COMMUNICATION – verbal and non-verbal interactions

9 Do’s and 6 Dont’s

We all desperately want to get it right. To ace our communications effectively. To have everyone completely understand what we think we said AND of course what we intended to say AND absolutely to have heard us.

Deborah Tannen wrote a whole book titled ‘That’s not what I meant’. Shad Helmsetter (the name is so fabulous & the book title even better) wrote a whole book called ‘What to say when you talk to yourself’ as he had identified perceptively that our communications with ourselves need to have as much attention invested as communications with other people.

And we often make the classic error that it’s just the words that flow from our mouths forgetting that we imbue the words with complex emotions which probably have nothing to do with the person/ people we are talking to. And not just the words + our emotions BUT all our non-verbals too.

Then we wonder what goes wrong. It’s like one person is fluent in Russian and has a dictionary in Australian. Talking to another person who is fluent in Italian and has a dictionary in Chinese.

Add into this complicated mix the butterfly nets, black holes, oblique assumptions, unexpected traps to name a few communication challenges and it’s a wonder that anyone understands anyone. Yet we do … or do we?

Once we get it everything becomes so much easier. Be with others as you would wish others to be with you.


  1. Think before you speak – try the power of the pause of 10. Count to 10 slowly using the fingers of each hand before replying.
  2. Be interested genuinely – enjoy listening, use the ‘act as if’ if necessary. 100% focus on what is being said to you. Absorb the information properly. Ditch the ‘already speaking’ bad habit. Listen. Pause. The other person might not have completed what they wanted to.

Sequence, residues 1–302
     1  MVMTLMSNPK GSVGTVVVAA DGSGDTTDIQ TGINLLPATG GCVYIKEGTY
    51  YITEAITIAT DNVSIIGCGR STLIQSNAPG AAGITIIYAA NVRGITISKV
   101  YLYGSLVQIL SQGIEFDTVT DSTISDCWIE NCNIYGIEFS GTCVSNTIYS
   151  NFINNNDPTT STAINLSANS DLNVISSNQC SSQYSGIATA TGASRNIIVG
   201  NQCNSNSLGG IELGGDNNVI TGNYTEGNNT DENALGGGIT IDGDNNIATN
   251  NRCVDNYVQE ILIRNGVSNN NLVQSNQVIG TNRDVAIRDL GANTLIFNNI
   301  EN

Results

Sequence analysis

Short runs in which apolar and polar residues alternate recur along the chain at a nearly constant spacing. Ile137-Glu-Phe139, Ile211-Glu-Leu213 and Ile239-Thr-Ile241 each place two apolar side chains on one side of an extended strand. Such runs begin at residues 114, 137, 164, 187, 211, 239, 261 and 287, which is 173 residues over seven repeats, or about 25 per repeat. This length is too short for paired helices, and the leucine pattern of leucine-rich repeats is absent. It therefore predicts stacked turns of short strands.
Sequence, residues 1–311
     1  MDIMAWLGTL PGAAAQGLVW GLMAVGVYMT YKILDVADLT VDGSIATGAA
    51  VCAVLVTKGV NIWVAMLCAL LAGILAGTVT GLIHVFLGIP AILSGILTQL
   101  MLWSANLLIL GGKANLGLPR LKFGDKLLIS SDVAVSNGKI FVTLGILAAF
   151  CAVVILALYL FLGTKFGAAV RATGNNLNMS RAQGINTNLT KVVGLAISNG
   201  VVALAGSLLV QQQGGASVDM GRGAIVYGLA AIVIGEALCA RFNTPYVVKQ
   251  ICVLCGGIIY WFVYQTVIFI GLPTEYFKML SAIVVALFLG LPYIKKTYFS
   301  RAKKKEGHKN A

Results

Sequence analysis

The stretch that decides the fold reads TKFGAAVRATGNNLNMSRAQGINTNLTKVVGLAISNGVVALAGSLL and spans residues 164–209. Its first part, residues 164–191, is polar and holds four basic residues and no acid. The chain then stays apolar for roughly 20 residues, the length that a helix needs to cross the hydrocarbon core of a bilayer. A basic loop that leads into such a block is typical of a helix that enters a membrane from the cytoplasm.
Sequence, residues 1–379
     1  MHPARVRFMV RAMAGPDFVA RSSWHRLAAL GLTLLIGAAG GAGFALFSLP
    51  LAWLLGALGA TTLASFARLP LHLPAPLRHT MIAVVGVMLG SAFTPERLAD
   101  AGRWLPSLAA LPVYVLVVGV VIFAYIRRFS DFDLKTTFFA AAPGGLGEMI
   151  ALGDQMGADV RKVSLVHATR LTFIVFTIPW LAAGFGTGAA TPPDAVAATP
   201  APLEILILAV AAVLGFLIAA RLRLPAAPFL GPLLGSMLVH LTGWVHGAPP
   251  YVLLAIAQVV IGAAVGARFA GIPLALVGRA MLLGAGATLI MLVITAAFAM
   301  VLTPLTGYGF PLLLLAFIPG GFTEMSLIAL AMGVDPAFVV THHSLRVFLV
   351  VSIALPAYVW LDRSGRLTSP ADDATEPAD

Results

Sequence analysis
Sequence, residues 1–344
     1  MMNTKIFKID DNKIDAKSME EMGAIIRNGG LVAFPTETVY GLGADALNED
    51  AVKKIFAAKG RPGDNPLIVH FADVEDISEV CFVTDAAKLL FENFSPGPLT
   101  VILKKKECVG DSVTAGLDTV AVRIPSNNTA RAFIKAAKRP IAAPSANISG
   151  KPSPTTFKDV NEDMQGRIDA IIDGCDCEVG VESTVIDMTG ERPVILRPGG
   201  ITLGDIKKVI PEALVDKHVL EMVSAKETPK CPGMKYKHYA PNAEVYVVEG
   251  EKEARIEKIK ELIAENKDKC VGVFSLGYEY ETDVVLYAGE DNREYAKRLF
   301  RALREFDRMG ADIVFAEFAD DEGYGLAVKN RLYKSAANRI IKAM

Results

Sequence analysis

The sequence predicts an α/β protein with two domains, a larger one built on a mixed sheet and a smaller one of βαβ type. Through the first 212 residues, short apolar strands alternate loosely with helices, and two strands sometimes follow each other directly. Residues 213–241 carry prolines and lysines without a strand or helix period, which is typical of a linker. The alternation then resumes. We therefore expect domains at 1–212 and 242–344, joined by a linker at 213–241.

3. Listen powerfully – really listen carefully without thinking about what’s for lunch or what you want to reply.
  4. Acknowledge what the other person says before replying. Try this: when you reply, repeat what they said first, prefacing it with “I heard you say/understand that you ……”. It’s a great way of ensuring you have understood not just the words but the meaning too.
  5. Pay attention to your body language – Closed arms shuts people out, looking over their shoulder shows disinterest. A nod of the head, good eye contact, leaning forward – all show you are paying attention.
  6. Answer appropriately – Respond, based on what you have just heard. Don’t immediately compare with your own experiences, rather show empathy, give an opinion if asked or expected, and a solution if requested.
  7. Use and invite feedback – Given in the right way, feedback is invaluable.
  8. Put yourself in their shoes – Try and see the other person’s perspective. You may discover something very useful.
  9. Listen to other people’s conversations – to discover good ways to talk to people and what gets results.
  10. What would you add? That might have been missed or not noticed?

6 DON’T’s  … don’t

  • be judgmental – be observationally and politely critical … constructive in fact, not dismissive
  • deviate – unless you want to confuse and prolong the conversation
  • be negative – try to phrase your differences in a positive way
  • be aggressive – it really doesn’t help simply fuels confrontation and escalates situations
  • shout – obviously not a technique to use!
  • interrupt – it’s very annoying.
  • AND what the one that you would have wanted to include?